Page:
"Marilyn Monroe-the exhibit" on the Queen Mary opened its doors to the public on November 11, but it had already been denounced as a fraud the night before at a press preview.
(Marilyn Monroe "scared and shocked" in 1949 for a Life magazine photo shoot by Philippe Halsman for "Eight Girls Try Out Mixed Emotions" article. Photo courtesy of the Mark Bellinghaus collection.)
Robert W. Welkos, a prominent Los Angeles Times writer, was given a personal tour that night by collector Mark Bellinghaus, who pointed out the blatant and clumsy attempts at deception. Welkos laughed, shook his head, rolled his eyes in wonder - yet did nothing, said nothing, to warn readers and the tens of thousands of visitors who would plunk down an outrageous $22.95 each to be admitted to the exhibit.
Mr. Welkos’s first article, written before the press opening, gave a warm handshake to Robert W. Otto, the owner of the dubious Marilyn collection. In his first article about the exhibit, on 11/11/05, the Los Angeles Times withheld the facts and proof against the exhibit that was delivered first-hand. Welkos had come to Bellinghaus' home days before the opening of the exhibit and seen the real hair rollers of Marilyn Monroe.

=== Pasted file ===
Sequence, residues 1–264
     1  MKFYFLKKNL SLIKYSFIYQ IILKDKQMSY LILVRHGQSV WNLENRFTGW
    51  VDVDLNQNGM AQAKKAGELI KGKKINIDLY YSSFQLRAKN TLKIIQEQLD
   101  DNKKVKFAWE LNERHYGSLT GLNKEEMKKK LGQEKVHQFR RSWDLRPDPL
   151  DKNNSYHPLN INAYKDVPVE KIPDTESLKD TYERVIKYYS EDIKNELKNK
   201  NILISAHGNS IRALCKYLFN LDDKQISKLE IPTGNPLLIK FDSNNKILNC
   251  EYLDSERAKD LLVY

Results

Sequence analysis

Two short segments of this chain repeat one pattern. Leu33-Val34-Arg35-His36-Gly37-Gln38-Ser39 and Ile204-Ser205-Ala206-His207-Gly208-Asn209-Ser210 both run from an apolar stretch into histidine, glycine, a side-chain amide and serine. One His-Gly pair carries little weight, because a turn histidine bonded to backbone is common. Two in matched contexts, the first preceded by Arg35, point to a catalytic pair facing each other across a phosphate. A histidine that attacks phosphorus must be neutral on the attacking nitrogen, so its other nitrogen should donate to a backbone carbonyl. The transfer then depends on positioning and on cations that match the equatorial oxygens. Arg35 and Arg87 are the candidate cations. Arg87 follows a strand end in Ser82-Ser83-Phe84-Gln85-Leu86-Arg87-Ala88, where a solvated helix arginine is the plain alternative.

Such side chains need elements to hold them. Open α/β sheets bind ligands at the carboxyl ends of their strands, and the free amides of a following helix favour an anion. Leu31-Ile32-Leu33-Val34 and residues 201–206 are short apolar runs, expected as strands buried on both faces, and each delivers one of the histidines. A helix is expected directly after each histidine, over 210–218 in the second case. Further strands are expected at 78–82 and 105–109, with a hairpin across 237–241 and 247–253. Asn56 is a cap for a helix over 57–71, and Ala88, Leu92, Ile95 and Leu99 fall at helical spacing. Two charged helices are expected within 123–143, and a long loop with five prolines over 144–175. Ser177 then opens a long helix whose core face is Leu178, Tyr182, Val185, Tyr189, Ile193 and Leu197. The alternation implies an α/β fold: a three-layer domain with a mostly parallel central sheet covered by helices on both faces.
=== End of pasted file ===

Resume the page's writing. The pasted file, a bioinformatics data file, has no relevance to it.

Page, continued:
And for two hours he was shown photo-documented memorabilia of the legend from some of her Puccis to the amazing cape she wore in The Prince And The Showgirl , even the last piece Marilyn Monroe wore alive (as described by Eunice Murray in her book ) - a white terrycloth bathing robe.
For two hours Bellinghaus shared his collection with this reporter, only to be portrayed as a scoffer, a jealous collector and quoted out of context. That is outrageous and not acceptable.
We were still hopeful when we saw the question mark placed behind the name of Marilyn Monroe in the first article's headline. But Otto made one outrageous claim after another and people seemed to believe him - it's scandalous that the Estate of Marilyn Monroe is backing up his ridiculous tales.
We approached the Times the first day of the exhibit and gave them solid proof of fraud — including the now infamous 1974 hair curlers — but a follow-up, and a warning, were never printed. Welkos failed in his two articles about the exhibit to point out the scam and crime that the public is facing.
There are, however sincere and truth-hungry journalists with guts who do report about real scandal, and who try to warn the public about them. The Los Angeles Independent newspaper ran a cover story by Mary Frances Gurton headlined “Expert: Marilyn Show Memorabilia Fake."